Elon and his followers like to tell you how easy it is to own an electric car: no more oil changes! Think of how much time you’ll save not getting gas! Hogwash. EV’s have their own special needs. Continue reading
Driving the Roadster is a bit weird. With the hard top on, it’s very quiet, and the motor’s whine sounds like something out of Star Trek. With the top off, the wind drowns that out, and you just get the buffeting wind increasing your sensation of speed. It isn’t a quiet ride, nothing like the 500e, but still much quieter than a performance car like this should be. I still need a headset for phone conversations, but no more earplugs. And you can talk to your passenger!
The Roadster was Tesla’s first foray into making cars, and almost entirely unlike its current Model S. Built on a modified version of the Elise’s bonded-aluminum chassis (which was the secret sauce that made the Elise so perfect), it laid the groundwork for Tesla’s battery, motor and electronics design. In it’s driving dynamics, it feels very Elise-like. The steering is unassisted and very direct, just like the Elise’s. It understeers a bit more (easy to adjust if I wanted to, but I think I like it the way it is), and takes a bit longer to ‘set’ in a corner, but overall I’d say its 95% of what the Elise gave me, which is awesome.
At this point, I’ve owned more awesome cars than most car reviewers. I’ll cop to being a bit insane in this regard. On the other hand, it does give me a unique point of view. Below, some first week impressions of the Tesla Roadster, and how it compares to my beloved, departed Lotus Elise, my recently crunched 500e, the gone-too-soon CLS550, and my wife’s stalwart RRS.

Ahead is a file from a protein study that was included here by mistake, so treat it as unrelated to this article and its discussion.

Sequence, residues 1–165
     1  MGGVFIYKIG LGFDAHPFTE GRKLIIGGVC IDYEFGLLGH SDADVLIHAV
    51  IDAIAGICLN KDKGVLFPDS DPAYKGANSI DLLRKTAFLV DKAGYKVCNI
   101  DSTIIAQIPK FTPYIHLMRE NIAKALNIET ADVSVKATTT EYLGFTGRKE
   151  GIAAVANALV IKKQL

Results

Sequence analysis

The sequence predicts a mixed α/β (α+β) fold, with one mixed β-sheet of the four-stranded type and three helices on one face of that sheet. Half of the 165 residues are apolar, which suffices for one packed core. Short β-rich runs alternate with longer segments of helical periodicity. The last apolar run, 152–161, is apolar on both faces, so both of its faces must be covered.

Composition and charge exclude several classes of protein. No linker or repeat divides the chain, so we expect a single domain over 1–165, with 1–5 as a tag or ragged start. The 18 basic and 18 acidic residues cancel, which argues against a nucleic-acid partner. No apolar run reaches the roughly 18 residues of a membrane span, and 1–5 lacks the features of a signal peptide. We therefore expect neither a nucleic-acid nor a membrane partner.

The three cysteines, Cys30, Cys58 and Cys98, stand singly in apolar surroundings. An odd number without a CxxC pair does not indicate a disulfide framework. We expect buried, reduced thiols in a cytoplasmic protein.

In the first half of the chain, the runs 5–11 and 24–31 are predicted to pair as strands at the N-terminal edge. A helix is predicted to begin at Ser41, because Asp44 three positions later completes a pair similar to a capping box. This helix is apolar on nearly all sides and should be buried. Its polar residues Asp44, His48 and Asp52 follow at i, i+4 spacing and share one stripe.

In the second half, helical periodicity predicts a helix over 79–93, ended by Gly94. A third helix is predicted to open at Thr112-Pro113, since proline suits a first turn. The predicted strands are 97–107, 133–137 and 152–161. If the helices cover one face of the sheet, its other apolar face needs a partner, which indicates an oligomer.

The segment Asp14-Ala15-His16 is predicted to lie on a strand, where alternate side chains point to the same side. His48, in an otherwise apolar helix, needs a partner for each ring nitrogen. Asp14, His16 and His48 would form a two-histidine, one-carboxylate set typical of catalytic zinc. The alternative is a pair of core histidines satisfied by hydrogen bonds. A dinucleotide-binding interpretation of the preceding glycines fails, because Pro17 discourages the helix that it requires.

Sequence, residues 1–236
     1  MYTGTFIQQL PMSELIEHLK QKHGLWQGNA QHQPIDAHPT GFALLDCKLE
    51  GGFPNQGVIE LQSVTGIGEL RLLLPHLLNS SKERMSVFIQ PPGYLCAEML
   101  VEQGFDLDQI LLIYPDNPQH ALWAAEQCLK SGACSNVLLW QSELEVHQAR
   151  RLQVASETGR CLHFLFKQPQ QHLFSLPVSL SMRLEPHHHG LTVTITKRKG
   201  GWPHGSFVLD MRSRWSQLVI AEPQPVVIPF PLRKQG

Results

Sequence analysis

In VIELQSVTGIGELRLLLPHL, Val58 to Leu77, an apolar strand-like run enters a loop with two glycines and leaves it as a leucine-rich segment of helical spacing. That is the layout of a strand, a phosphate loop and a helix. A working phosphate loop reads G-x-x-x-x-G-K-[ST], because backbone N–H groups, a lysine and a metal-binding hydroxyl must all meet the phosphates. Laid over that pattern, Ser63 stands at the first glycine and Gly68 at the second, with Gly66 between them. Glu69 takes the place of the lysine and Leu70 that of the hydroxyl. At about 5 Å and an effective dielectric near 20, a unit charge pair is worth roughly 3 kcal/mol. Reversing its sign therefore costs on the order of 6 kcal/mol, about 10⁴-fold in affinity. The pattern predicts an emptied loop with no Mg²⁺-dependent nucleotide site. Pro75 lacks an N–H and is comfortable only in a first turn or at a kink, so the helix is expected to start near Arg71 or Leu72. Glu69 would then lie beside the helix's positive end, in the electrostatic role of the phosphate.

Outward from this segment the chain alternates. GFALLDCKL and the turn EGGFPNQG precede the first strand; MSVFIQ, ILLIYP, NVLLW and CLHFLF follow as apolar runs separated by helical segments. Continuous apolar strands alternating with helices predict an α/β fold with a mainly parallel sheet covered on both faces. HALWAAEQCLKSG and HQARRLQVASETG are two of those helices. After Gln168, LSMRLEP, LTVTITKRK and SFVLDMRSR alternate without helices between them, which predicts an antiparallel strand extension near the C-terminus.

Lots of political commentary this morning, all about ‘money in politics’ and ‘negative campaigns’. I have no idea what they’re talking about, because: 1) I tossed every flyer into the recycle bin, unread, 2) didn’t watch a single political ad on TV.
As a kid, I spent a lot of time on beaches, and not the boring wading-pool sand tubs most people go to: my parents favored big, surfy waves. I quickly learned how to deal with the biggest: you either ducked under them, or surfed over them. Get caught in the frothy, turbulent middle, and you’d wind up with a mouthful of sand.
Working in Silicon Valley is something like that: huge relentless waves of technology crash down on you non-stop. You have three options: you can either try to absorb the full brunt of that wave, reading everything you can, trying to understand the entirety of it, you can duck under it, or you can trust yourself to it, trying to surf it as far as it’ll take you. Continue reading
This video tickles me in all the right places…
You have to read between the lines if you want to know what this reporter really thinks about what is happening there in our names, it’s heartrending, shameful. It’s… unamerican, damnit. It wouldn’t be out of place in a story about Nazi Germany.